The concerto on this program is one of two he wrote for the unusual combination of two clarinets and orchestra. It begins in a fashion that will immediately attract attention; instead of the usual orchestral introduction, Krommer introduces the solo instruments at the beginning of the piece.


This concerto was written shortly after Beethoven did the same thing in his fourth and fifth piano concertos and one wonders if Krommer was directly influenced by Beethoven. As far as I can tell, this is the first time this device was used in a concerto for wind instruments. Cheerfulness is on full display in this charming movement, and there are a number of wonderful orchestral effects. Passages in the solo instruments are immediately answered by all the wind instruments in the orchestra, creating a fascinating contrast in sound.


The second movement is in a minor key but has an air more of slight sadness rather than any dark tragedy. The last movement begins with another striking passage with the clarinets accompanied by pizzicato strings. The effect is particularly brilliant. The contrast in sound between the clarinet and the pizzicato generates a great deal of energy and purpose.


Symphony no. 98

This symphony represented the culmination of the six symphonies Haydn wrote for his residency in London during the 1791-92 concert season. The trip was eye opening for the composer. It was the first time he was truly aware that his music would outlive his time on Earth, and he was struck with the realization that after a lifetime of being treated like a servant, he was now the master. He was feted everywhere he went. Aristocrats bowed down to him instead of the other way around. 


This greatly affected how he approached the composition of the six symphonies commissioned for the season. He had previously written with a view to pleasing his specific audience at the time and place where the music would be presented, often the audience at Esterhazy Palace in Hungary. He now looked to write works that would have a universal appeal. He made the effects in his music broader, he used larger forms, and he tried to make sure every movement of every work had elements that were fascinating and original.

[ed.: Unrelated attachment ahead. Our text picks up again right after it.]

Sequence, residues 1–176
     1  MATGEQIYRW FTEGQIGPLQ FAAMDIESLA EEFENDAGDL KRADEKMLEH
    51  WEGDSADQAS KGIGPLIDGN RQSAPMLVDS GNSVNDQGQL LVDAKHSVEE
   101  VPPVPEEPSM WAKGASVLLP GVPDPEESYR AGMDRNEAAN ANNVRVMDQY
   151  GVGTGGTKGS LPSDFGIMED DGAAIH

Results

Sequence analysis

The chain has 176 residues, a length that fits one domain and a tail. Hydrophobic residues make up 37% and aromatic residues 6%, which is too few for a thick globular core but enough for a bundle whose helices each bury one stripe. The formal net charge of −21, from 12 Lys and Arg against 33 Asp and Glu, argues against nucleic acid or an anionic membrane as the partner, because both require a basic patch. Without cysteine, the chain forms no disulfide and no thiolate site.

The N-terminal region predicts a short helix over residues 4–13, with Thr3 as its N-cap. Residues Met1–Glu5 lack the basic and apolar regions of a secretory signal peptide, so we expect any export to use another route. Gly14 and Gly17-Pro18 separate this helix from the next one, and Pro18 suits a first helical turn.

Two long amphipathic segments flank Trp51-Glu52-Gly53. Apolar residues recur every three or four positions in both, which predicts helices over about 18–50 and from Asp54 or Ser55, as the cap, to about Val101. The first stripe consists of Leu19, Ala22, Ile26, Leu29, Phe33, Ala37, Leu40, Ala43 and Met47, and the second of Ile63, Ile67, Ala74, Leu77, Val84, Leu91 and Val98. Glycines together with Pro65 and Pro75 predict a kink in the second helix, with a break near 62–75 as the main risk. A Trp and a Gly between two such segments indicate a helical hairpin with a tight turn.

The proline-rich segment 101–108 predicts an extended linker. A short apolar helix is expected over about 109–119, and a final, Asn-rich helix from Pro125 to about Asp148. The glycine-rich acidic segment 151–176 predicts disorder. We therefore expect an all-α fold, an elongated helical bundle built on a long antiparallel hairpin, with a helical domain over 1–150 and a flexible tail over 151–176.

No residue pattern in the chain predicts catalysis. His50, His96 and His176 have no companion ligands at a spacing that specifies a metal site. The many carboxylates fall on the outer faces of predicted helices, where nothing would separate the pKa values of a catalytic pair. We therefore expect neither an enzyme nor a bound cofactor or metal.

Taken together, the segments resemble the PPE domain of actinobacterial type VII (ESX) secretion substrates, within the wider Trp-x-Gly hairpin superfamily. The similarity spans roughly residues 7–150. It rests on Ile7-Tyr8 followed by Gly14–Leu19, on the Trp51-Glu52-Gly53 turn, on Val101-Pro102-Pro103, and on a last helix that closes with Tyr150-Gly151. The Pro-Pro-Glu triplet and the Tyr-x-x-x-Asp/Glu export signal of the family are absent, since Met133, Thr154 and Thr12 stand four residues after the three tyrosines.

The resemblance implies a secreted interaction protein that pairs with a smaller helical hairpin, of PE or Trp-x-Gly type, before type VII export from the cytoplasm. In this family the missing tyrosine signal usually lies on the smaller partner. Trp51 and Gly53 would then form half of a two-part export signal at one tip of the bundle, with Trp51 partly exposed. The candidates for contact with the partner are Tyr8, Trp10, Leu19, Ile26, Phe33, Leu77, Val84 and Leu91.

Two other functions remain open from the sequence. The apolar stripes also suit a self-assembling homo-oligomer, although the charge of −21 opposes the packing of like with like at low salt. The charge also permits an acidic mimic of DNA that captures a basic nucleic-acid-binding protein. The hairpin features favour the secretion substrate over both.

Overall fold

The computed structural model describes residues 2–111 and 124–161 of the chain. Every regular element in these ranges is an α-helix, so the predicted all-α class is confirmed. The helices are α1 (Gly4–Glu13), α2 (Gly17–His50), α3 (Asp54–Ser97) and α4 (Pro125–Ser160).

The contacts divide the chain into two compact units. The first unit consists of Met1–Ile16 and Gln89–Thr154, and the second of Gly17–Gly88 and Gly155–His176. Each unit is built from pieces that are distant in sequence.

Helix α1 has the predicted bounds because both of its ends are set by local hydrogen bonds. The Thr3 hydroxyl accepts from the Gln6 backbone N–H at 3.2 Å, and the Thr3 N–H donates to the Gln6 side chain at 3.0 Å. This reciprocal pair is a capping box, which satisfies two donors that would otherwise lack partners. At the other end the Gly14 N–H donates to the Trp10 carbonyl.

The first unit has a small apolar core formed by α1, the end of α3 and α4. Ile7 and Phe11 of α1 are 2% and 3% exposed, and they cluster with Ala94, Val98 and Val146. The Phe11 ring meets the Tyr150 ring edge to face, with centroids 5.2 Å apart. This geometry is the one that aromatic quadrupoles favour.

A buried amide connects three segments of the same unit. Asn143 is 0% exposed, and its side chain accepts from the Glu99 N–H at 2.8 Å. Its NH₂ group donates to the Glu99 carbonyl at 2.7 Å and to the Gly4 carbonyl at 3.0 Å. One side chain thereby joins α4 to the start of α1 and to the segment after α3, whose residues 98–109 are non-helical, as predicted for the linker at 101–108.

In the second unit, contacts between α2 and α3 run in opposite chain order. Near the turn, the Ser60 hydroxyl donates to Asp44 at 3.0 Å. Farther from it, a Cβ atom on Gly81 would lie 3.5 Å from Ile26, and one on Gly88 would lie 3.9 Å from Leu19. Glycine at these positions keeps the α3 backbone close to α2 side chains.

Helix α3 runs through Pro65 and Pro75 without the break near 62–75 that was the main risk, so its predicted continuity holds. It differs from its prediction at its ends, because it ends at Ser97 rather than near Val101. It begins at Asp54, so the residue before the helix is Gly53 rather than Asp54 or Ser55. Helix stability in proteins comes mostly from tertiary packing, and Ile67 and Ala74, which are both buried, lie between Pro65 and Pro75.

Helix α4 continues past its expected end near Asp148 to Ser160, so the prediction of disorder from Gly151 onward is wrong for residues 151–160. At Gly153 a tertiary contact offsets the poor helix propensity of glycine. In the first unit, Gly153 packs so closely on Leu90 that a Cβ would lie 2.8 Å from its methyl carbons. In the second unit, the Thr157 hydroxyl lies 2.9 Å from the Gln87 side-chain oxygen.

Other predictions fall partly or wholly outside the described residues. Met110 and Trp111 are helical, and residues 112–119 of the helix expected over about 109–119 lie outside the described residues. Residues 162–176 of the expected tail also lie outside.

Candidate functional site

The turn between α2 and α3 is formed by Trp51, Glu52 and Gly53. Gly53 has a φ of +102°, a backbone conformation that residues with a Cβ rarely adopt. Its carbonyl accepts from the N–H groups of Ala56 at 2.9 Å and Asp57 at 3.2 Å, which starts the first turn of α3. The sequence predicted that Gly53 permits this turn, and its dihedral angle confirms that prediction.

In this endeavor, he succeeded brilliantly. Symphony no. 98, the last of the set, is a particular case in point.

  • The first movement creates a complex and subtle interplay between a set of notes used in the introduction and then varied in the main section of the movement.

  • The second movement reflects his relationship with Mozart, the person he considered the greatest composer of his time.

  • The minuet shows off various sections of the orchestra and demonstrates Haydn’s skill in writing for all the instruments at his disposal.

  • The last movement was his longest of any symphony to that point, a complex and brilliant work that ends with one of the most shocking surprises in all of Haydn’s music.


Haydn spent the day with Mozart just before he left for London in December of 1790, and reportedly at their parting they both feared it would be the last time they saw each other. Mozart was concerned that the long journey, as well as Haydn’s lack of worldliness and knowledge of foreign languages, would be so stressful that at his age -- 59 was old in those days -- Haydn would not make it back alive. But Haydn did return after a year, a few months after Mozart died. Their premonitions had come to pass, but not as either expected.


Haydn was in the midst of composing Symphony no. 98 when word reached him of Mozart’s death, and he was deeply affected by it. He quoted the Jupiter symphony in the second movement, and incorporated references to several other Mozart compositions as well.  He both honored his great friend and showed his understanding of the universality of both of their compositions, giving a particular poignancy to what is otherwise a cheerful and at times downright cheeky work.



MusicaNova Orchestra

Violin I

Julian Nguyen, concertmaster

   John and Elizabeth McKinnon chair

Pamela Buck

Linda Quintero

Grace Wills

Jaime Wu


Violin II

Spencer Ekenes, principal

   Robert Dixon chair

Lisa Eisenberg

Dasom Jeon

Jamilyn Richardson

Patty Waxman



Janet Quiroz, principal

   Dominique van de Stadt and Octavio Pajaro chair

Elizabeth Hanson

Mason Haskett

Carolyn Snyder



   Ed & Cynthia DuBrow section

Maria Simiz, principal

Moira Bogardus

Jennifer Cox

Cindy Leger



Sila Kuvanci, principal

Alberto Allende

Nathan Benitez



Lisa Tharp Friedeman



Nicholas Alexander, principal

   Nina Gurin memorial chair

Hannah Selznick

   Denise Wilson chair



Timothy Haas



Kristilyn Woods, principal

John Friedeman


French horn

Martha Edwards, principal

Gail Rittenhouse



Greg Lloyd, principal

Stephen Martin


Bass Trombone

Sean Holly



Sonja Branch

   Leger Strategies chair



David Ice


Lisa Tharp Friedeman

Personnel manager: Liz McKinnon

Assistant personnel manager: Jamilyn Richardson

Librarian: Spencer Ekenes

Video recording: David Ice

Audio recording: Vault Classical